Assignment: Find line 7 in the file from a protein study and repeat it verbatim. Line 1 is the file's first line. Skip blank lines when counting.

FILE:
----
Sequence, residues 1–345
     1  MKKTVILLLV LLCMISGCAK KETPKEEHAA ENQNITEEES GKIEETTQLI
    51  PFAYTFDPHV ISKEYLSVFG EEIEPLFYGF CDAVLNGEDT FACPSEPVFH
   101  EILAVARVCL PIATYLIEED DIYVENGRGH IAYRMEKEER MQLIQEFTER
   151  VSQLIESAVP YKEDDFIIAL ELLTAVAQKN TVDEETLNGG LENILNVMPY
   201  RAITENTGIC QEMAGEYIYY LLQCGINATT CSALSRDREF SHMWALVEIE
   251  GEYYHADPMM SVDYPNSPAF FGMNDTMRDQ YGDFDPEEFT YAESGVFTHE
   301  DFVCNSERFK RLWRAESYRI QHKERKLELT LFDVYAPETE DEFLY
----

   251  GEYYHADPMM SVDYPNSPAF FGMNDTMRDQ YGDFDPEEFT YAESGVFTHE